EuropeWar In Europe - One Year On

Ukraine war: Why Middle Eastern countries did not join West’s military alliance

Trade, diplomatic relations and geopolitical perspectives on democracy make many players feel closer to Moscow than Kyiv

Middle Eastern countries did not join the broad military alliance formed by the West and Nato against Russia when it invaded Ukraine.

Non-Arab Iran backed Russia while Israel and Turkey sat on the fence. Syria stood with Russia while the other Middle Eastern Arab countries adopted military non-involvement with a political tilt toward Moscow.

All Middle Eastern countries eschewed western sanctions against Russia. A year on they remain committed to these policies.

Ahead of the Ukraine war, Turkey sold Ukraine 20 armed Bayraktar TB2 drones and dispatched internationally banned cluster bombs to Kyiv at the end of 2022.


Turkey hosted two failed rounds of peace talks between Ukraine and Russia, and helped broker a mid-year deal for the shipment of Ukrainian and Russian grain to global markets.

Although Turkey is a Nato member, its increasingly authoritarian president, Recep Tayyip Erdogan, has pivoted toward the east in recent years, partnered Russia in ending major fighting in the Syrian war, angered the alliance by buying Russia’s S-400 air defence system, and shelved his country’s pursuit of European Union membership.

While pressed by the US to do more than condemning the Russian invasion, Israel, a prolific arms exporter, has refused to provide Ukraine with its air defence systems. Israel argues Moscow, which has military forces in Syria, could counter Israeli attacks on that country and retaliate against Russia’s Jewish community.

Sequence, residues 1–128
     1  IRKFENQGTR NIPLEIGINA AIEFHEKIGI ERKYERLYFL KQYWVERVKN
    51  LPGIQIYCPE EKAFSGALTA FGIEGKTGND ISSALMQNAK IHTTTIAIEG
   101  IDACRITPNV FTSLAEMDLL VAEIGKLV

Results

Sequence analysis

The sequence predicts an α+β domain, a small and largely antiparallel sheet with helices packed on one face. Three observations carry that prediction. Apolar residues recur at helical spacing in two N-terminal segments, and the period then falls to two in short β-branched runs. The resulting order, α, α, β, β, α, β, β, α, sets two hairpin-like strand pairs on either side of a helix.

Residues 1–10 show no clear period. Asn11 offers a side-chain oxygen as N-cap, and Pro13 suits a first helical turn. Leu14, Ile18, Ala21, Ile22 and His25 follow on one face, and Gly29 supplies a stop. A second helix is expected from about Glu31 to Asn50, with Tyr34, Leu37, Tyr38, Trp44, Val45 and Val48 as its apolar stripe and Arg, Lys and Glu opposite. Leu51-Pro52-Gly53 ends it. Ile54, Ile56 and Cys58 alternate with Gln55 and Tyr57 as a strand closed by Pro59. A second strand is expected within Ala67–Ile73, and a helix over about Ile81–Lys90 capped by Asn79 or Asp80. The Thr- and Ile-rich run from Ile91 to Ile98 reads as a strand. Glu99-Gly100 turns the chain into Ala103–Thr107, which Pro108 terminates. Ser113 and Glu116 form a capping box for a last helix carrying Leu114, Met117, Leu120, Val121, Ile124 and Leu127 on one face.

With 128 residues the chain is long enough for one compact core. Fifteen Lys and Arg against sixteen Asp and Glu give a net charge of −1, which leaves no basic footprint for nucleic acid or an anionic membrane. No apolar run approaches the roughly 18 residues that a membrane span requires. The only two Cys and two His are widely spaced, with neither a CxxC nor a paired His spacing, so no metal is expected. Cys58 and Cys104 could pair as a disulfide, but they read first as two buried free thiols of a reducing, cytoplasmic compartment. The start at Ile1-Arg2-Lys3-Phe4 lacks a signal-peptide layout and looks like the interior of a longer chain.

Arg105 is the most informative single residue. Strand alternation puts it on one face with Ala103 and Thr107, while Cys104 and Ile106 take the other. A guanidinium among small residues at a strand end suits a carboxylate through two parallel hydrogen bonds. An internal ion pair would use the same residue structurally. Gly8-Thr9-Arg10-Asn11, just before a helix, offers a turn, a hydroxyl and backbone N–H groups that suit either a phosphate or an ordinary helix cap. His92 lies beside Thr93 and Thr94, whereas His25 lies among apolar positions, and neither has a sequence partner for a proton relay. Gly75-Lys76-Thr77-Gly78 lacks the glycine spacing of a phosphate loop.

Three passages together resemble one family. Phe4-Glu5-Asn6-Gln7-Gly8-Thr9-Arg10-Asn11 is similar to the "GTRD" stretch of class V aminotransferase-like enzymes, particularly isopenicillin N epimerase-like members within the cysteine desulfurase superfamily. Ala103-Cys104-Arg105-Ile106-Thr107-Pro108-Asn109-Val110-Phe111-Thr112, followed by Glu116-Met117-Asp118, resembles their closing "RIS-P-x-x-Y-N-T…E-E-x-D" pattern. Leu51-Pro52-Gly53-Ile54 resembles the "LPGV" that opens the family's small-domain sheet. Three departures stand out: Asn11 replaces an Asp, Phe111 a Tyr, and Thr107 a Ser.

On Washington’s Responsible Statecraft website, US ex-diplomat Charles W Dunne wrote that most regional governments “see no advantage in entangling themselves in what they view as a European fight in which they have few stakes. More importantly, they are reluctant to alienate Russia, with which many of them maintain significant diplomatic, military and economic links.”

He pointed put that Arab leaders have “come to see Washington as a mercurial and unreliable partner, a position dating to the George W Bush administration’s invasion of Iraq and continuing through Barack Obama’s announced intention to execute a ‘pivot to Asia’.” This policy was also adopted by the Biden administration, leaving longstanding Arab allies resentful.

During his 2022 visit to Saudi Arabia, US president Joe Biden failed to warm relations, reduce the price of oil or promote an Arab Nato.

On Ukraine, Arab rulers appear to be looking after their own interests while taking a stand approved by Arab citizens. When Arabs surveyed from Morocco to the Gulf were asked what is “the greatest threat” to their countries, 38 per cent put Israel first, 21 per cent the US, and 3 per cent Russia, according to the Washington- based Arab Centre’s Opinion Index for 2022.

While most Arab rulers wield absolute power, they learned during the 2011 Arab Spring uprisings that public opinion matters.

This has been partly formed by the history of Soviet support for Algerian and Yemeni anti-colonial struggles, and political backing and arms for Egypt and Syria in wars with Israel.